It was pretty easy. Like I mentioned before, it was the height of the figure skating popularity back in the 90s after Nancy and Tonya and there were so many opportunities for tours like the Stars on Ice tour or the made for television competitions. If I wanted to, I could’ve done both at the same time and stayed amateur, but I just really felt that I had accomplished so much. This was a hard thing for many people to accept since I was so young though. But I won Nationals, Worlds, Olympics, I had the best Olympic experience, and I skated the way that I wanted to. I wonder that if I hadn’t skated the way I wanted to that I might want a re-do or something but things did fall in line for me. I felt like the next step was something that I wanted to take, which was to perform and entertain in a different way instead of doing the every day training and then competing.

What was it like to transition away from skating?

I was so young and there were so many opportunities for me from skating then and I had a contract where I did my own special and it was really cool. I knew my experiences were something wonderful and that I was lucky enough to get them because of skating and what I had done. When I stopped skating, I still had connections and there were a lot of opportunities. Especially being a teenager at the time, getting to be able to do some of those opportunities, like Malcom in the Middle or 7th Heaven, was fun and I was really grateful for them. As I got older and stopped touring, I decided I wanted to find what was next for me. I realized that commentating and broadcasting was the next step for me, even though it was a long road to get to. It took me about five years to break into that business. I was lucky enough in 2014 for Sochi to happen with the ‘craziness of Tara and Johnny’ on the Sports Network. One day Johnny and I created a funny Instagram account for us and we went from like four followers the first night to about 30,000 the next morning. From there, we knew we had something special.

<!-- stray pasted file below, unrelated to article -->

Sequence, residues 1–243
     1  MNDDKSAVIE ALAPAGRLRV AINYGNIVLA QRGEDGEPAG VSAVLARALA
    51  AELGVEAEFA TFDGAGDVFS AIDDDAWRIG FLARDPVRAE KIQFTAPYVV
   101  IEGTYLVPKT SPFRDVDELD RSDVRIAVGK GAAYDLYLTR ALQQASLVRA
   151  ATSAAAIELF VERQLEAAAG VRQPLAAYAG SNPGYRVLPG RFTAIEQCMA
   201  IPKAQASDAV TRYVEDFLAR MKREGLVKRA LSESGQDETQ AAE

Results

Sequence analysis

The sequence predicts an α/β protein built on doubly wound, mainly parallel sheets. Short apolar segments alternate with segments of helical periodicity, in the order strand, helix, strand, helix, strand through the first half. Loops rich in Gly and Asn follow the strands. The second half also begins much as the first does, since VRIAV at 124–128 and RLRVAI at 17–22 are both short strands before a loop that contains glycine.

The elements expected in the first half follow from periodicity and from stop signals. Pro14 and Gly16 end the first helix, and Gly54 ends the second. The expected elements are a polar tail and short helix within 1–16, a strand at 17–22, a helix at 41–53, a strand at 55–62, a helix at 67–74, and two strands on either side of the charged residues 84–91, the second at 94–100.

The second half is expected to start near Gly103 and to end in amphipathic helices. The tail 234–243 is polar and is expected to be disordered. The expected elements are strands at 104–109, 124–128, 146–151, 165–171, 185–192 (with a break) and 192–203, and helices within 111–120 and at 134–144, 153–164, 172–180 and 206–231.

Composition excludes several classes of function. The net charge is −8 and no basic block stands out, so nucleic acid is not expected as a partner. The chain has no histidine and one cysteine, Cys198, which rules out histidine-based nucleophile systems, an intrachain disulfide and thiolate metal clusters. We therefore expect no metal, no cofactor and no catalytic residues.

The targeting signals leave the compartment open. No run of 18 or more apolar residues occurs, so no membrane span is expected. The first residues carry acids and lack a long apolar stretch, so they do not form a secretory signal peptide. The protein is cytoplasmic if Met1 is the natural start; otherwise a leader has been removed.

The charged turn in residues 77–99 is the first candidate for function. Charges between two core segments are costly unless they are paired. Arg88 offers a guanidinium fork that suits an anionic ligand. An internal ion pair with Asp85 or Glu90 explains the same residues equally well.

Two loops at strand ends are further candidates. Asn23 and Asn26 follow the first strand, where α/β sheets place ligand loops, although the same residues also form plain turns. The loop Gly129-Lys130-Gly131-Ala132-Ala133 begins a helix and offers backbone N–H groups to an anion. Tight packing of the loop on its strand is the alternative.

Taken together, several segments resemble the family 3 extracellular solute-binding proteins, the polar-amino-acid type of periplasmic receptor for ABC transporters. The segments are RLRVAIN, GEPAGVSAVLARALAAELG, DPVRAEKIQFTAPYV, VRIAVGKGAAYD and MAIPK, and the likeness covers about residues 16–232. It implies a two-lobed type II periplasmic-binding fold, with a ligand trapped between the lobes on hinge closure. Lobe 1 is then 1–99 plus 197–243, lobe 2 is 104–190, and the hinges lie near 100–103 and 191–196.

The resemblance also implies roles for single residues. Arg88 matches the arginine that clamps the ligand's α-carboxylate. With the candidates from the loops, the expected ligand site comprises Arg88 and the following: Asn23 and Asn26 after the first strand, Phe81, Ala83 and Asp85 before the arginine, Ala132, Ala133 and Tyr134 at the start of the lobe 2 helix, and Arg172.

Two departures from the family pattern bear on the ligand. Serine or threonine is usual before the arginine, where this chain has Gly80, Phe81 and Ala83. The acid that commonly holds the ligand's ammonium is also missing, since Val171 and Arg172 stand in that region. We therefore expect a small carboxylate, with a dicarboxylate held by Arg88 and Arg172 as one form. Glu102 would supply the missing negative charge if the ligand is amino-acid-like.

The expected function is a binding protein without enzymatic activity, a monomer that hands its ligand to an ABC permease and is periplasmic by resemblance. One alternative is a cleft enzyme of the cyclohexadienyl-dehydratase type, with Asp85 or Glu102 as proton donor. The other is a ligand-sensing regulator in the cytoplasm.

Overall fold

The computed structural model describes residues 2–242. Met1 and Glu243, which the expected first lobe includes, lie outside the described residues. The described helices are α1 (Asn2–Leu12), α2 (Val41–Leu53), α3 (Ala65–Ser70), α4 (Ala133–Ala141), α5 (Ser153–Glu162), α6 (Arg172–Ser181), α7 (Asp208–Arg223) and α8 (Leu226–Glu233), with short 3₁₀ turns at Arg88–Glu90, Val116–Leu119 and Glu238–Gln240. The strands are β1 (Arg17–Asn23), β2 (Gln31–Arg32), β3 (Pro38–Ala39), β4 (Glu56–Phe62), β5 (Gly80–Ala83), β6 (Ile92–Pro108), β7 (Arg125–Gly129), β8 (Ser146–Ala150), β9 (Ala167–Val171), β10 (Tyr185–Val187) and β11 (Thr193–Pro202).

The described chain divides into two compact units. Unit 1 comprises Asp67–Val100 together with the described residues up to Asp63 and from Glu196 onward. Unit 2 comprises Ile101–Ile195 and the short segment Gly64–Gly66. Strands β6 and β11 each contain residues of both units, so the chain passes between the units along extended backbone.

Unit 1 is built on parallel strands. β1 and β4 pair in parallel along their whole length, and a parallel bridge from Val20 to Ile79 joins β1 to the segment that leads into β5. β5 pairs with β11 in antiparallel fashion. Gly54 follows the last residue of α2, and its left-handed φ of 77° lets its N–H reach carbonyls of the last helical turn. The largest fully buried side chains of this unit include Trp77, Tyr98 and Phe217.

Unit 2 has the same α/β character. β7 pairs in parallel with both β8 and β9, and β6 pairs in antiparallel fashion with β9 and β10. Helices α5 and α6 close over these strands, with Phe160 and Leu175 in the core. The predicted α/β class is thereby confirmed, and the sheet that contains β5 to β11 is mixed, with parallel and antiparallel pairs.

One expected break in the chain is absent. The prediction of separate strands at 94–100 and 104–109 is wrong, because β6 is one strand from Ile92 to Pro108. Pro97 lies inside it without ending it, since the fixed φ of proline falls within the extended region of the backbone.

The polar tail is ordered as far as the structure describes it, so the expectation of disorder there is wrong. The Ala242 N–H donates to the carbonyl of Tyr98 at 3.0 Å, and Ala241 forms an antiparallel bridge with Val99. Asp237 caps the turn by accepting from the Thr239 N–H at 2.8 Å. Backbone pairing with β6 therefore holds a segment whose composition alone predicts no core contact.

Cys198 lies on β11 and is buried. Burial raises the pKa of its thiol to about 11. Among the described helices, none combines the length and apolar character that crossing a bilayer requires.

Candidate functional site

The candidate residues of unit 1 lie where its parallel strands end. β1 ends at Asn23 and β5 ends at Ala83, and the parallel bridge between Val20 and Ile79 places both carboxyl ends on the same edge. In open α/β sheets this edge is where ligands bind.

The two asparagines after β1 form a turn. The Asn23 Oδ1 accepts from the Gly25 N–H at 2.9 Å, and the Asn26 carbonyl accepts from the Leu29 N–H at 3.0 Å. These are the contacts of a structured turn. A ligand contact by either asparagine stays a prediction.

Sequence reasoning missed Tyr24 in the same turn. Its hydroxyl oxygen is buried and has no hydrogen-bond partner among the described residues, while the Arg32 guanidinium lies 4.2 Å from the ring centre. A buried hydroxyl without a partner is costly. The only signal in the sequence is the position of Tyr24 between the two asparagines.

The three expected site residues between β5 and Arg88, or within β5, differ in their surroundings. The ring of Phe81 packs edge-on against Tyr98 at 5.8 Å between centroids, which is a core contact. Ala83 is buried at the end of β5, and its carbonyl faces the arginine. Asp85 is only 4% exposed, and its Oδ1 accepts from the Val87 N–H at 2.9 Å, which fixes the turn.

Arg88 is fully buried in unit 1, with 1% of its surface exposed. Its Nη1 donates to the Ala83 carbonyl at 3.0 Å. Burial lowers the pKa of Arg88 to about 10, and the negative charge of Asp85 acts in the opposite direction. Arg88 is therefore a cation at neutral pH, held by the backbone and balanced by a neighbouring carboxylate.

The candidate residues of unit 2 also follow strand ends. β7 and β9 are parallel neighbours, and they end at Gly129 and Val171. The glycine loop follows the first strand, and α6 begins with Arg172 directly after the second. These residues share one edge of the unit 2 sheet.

I just love the dynamic between you two.

Yes, me too! What makes it work is that we really are best friends. I don’t know what I’d do without him. I talk to him every single day. I think that is what makes what we do on air that much better and it is so hard to find.

You two have gotten to move up to primetime now, which is exciting. What is it like being a former performer and being in this new role?

Yeah, it’s just, wow; we are extremely lucky. We’ve been primetime for all US events for the past three years. I think it’s really hard for athletes to make that switch. I do remember and admire Scott Hamilton and Dick Button. I remember how Dick hated my layback and I think about stuff like that. Someone like Dick, who is like the forefather of commentators for figure skating, was able to balance the criticism with being supportive. You never felt like he hated your skating. I try to do that too, and I think Johnny does as well. It’s difficult to tell the truth, because sometimes it isn’t always nice, but I think that’s what the sport needs right now and I think that’s why people listen to us. The judging system has changed so much and is difficult to understand, and even political, that it makes it hard to follow what is happening.

Sometimes I’ve wanted a translator because things can get so technical!

Right? Yes, it can be hard to know what is happening if you’re just watching. We will explain things and give the audience what they deserve, but at the same time, I always keep performing in mind. It’s not in my personality or Johnny’s to have any meanness. We are just as truthful as we can be.